A new study, published in the journal BMJ Open, warns that a certain type of medication commonly used to treat heartburn, ulcers and other gastrointestinal problems may increase the risk of early death if taken for a prolonged period of time. These drugs are known as Proton Pump Inhibitors (PPIs) and are often prescribed for serious medical conditions such as upper gastrointestinal tract bleeding, gastroesophageal reflux disease and oesophageal cancer. But people may purchase lower doses as over-the-counter medicines to treat heartburn and indigestion.
Although it is recommended to take PPIs for a short course of time, say 2 to 8 weeks for uclers, people may end up taking them for months and even years and that can pose a major health risk. According to Ziyad Al-Aly, Assistant Professor at the Washington University School of Medicine in St. Louis, “People think that PPIs are very safe because they are readily available, but there are real risks associated with taking these drugs, particularly for long periods of time. Given that millions of people take PPIs regularly, it could translate into thousands of deaths every year.”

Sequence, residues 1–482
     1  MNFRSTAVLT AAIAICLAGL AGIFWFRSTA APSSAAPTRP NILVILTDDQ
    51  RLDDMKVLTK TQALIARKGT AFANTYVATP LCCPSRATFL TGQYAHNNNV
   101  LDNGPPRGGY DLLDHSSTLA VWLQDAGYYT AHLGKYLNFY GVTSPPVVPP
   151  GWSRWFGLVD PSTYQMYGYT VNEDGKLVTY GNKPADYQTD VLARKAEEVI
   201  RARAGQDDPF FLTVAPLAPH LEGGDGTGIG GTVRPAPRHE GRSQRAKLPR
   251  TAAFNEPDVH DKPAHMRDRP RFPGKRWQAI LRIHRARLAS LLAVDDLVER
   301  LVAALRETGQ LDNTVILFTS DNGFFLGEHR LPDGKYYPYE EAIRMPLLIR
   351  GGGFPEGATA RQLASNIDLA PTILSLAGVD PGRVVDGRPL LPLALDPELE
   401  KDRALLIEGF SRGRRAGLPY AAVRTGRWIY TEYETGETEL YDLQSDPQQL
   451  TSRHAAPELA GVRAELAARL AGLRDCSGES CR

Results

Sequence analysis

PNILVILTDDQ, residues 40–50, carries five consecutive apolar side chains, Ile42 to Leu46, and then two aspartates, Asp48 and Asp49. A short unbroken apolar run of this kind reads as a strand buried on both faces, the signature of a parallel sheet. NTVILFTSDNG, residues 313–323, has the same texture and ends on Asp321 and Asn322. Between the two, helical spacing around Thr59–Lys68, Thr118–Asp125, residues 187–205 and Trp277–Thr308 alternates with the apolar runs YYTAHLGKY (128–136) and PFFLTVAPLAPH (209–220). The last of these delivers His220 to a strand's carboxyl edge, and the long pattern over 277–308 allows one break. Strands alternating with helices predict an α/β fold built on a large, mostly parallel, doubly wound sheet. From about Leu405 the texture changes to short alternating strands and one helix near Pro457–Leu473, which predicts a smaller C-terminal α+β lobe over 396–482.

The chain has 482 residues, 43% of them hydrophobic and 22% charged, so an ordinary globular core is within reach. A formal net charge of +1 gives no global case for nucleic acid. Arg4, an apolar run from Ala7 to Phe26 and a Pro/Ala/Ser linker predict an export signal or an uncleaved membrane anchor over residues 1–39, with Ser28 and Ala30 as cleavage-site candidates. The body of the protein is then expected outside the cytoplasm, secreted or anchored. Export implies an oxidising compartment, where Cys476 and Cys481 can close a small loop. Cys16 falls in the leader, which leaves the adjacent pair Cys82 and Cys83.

The odds of dying rose the longer people used the drugs
For the study, researchers examined medical records of 275,000 people who used prescription PPIs and nearly 75,000 people who took another class of drug, known as H2 blockers, used to reduce stomach acid. The results showed that people taking PPIs had a 50 per cent increased risk of dying over the next five years. Further, for every 500 people taking PPIs for a year, there was one extra death that would not have otherwise occurred. The study concludes that the odds of dying rose the longer people used the drugs. It also shows that compared with the H2 blocker users, people who take PPIs for about a year have a 25% higher risk of death.
This is not the first time that the use of PPIs has been deemed to be dangerous. Previous studies have shown that it may be linked to other health problems like serious kidney damage
, bone fractures and even dementia.